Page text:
The COVID-19 pandemic has resulted in companies scrambling to take action to ensure they remain afloat in this challenging time. Leaders are also monitoring the stituation and responding accordingly by implementing business continuity plans. According to McKinsey, what leaders require during a crisis "is not a predefined response plan, but behaviours and mindsets that will prevent them from overreacting to yesterday's developments and help them look forward". In light of this, it laid out five behaviours that leaders can undertake to help them navigate the uncertain future.
1. Building a network of teams
In the midst of a crisis, leaders need to forgo the belief that a top-down response will give rise to stability. Normally, companies can typically rely on its comand-and-control structure during routine emergencies to handle operations and carry out a scripted response. However when it comes to crises characterised by uncertainty, McKinsey said leaders encounter problems that are "unfamiliar and poorly understood", and a small group of executives at the highest level are generally unable to collect information or make decisions quickly enough to respond effectively.
To overcome this, clear priorities should be set by leaders for the crisis response and others in the company should be empowered to discover and implement solutions that serve those priorities.
Leaders can organise a network of teams to promote rapid problem solving and execution under high-stress, chaotic conditions.
According to McKinsey, a network of teams comprises "a highly adaptable assembly of groups" that are united by a common purpose and collaborate in a similar way that the individuals on a single team do.
"Some parts of the network pursue actions that take place outside regular business operations. Other parts identify the crisis’s implications for routine business activities and make adjustments, such as helping employees adapt to new working norms," McKinsey explained.
Breaking it down further, McKinsey said the network of teams will consist of an integrated nerve centre covering four areas - customer engagement, workforce protection, supply-chain stabilisation, and financial stress testing. Besides setting up the network of teams, McKinsey urges leaders to foster collaboration and transparency across the network.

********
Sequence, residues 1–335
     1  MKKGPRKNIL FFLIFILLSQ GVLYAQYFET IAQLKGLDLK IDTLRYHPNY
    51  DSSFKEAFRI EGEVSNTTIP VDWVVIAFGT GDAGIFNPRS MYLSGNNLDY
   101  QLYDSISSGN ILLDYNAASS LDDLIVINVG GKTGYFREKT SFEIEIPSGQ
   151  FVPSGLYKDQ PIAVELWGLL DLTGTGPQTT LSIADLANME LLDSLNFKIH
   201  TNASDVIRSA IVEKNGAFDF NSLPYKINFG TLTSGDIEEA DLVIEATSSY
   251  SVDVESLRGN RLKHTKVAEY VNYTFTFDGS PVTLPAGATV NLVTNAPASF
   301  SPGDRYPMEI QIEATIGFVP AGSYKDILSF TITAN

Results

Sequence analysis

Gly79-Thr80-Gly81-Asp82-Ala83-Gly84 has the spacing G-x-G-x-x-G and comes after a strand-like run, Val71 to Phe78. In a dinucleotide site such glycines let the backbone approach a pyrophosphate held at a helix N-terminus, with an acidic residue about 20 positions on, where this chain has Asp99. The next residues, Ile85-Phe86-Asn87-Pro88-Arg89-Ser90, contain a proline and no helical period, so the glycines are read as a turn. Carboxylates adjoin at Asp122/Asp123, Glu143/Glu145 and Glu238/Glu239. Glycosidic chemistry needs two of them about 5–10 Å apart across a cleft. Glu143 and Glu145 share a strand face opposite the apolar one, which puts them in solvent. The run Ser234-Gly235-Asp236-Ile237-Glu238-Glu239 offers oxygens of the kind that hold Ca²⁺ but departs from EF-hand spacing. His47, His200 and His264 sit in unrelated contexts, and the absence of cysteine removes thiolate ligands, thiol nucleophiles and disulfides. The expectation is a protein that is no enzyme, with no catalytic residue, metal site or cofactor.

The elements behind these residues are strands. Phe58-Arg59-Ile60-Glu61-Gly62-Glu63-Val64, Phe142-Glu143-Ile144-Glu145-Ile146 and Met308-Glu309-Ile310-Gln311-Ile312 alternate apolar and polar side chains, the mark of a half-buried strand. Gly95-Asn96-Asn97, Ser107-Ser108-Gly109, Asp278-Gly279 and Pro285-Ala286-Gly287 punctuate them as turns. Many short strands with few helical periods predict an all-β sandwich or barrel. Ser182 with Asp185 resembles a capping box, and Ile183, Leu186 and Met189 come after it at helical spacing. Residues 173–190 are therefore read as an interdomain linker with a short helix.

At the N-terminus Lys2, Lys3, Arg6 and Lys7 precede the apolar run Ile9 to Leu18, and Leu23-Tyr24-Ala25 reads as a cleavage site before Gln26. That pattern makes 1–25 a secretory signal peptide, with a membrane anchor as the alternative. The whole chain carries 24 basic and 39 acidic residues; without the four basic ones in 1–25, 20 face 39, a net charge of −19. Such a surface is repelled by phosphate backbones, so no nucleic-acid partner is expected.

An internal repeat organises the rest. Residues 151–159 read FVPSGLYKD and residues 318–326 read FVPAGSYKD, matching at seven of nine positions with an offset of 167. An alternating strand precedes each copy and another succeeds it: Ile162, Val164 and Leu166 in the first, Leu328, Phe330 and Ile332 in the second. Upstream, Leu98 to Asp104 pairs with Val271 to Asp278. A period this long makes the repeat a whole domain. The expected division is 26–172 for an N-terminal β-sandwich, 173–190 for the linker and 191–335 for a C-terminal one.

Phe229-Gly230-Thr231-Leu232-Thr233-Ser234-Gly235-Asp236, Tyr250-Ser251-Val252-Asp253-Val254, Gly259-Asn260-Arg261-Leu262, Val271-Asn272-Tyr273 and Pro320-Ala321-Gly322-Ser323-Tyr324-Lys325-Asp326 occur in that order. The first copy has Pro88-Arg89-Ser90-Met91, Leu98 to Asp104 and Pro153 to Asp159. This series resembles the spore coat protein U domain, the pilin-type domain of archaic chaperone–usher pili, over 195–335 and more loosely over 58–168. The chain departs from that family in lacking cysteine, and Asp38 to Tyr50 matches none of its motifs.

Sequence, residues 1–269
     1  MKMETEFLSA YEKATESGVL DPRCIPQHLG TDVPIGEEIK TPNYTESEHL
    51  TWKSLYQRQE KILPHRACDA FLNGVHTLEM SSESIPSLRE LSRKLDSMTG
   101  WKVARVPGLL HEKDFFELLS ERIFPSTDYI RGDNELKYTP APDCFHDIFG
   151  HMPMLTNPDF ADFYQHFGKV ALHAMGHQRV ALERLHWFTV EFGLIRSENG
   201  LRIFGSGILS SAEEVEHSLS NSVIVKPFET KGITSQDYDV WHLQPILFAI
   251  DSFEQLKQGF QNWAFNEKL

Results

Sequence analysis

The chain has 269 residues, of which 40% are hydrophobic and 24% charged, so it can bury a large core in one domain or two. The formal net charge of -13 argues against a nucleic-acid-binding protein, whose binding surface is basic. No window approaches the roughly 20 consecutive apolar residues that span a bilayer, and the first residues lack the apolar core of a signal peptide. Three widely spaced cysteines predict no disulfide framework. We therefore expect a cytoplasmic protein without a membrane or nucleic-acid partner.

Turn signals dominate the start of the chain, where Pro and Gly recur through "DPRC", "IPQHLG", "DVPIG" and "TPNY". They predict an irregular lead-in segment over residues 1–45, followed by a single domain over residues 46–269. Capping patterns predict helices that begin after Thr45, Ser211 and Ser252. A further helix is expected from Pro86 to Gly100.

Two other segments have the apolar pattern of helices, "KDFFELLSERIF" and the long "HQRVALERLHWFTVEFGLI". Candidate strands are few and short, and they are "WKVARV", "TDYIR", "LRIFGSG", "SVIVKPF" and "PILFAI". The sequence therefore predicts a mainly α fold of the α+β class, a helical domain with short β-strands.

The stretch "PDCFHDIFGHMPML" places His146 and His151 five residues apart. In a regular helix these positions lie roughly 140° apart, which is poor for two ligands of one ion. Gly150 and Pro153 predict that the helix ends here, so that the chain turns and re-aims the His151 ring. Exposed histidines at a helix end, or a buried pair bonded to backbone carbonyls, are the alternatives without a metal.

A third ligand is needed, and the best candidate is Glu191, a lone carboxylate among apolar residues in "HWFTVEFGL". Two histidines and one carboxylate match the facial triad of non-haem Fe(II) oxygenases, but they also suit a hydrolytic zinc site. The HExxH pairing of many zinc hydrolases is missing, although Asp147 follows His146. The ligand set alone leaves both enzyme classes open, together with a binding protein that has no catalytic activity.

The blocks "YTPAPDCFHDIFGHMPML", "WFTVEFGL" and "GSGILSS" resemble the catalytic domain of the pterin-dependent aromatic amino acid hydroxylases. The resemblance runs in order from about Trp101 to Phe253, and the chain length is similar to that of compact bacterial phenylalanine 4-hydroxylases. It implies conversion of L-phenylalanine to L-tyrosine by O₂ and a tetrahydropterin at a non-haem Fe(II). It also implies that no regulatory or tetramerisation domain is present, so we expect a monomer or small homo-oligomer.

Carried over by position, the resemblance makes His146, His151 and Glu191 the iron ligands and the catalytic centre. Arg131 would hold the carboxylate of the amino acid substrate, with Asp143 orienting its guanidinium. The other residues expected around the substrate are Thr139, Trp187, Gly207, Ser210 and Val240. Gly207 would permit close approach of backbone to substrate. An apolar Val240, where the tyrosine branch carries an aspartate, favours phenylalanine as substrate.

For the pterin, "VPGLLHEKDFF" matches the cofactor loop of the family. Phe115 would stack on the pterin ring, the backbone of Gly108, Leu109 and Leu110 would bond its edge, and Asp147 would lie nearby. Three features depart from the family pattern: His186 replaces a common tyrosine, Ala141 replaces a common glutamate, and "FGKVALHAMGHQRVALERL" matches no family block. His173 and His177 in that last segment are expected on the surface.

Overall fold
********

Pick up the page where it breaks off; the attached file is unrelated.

One way to achieve this is by distributing authority and sharing information. "In crisis situations, a leader’s instinct might be to consolidate decision-making authority and control information, providing it on a strictly need-to-know basis. Doing the opposite will encourage teams to follow suit," it said.
Another important part of the leader's role is promoting psychological safety so employees can openly discuss ideas, questions and concerns without the fear of repercussions. Doing so allows the network of teams to make sense of the situation and learn how to handle it through healthy debate.
2. Elevating leaders during a crisis
Leaders must be prepared to empower others to direct several aspects of the company's response. This includes giving them the authority to make and implement decisions without requiring approval. According to McKinsey, important function of senior executives is to quickly establish an architecture for decision making, so that accountability is clear and decisions are made by appropriate people at different levels.
That said, it is important that the right people are empowered to make crisis-response decisions. While a group of decision makers will be appointed initially to respond to the crisis, McKinsey said that as the situation evolves, new crisis-response leaders will naturally emerge from the network of teams. Those crisis-response leaders, in particular, will not always be senior executives. While experience is most valuable during routine emergencies, McKinsey said character is of the utmost importance in "novel, landscape scale" crises.
Crisis-response leaders must be able to unify teams behind a single purpose and frame questions for them to investigate.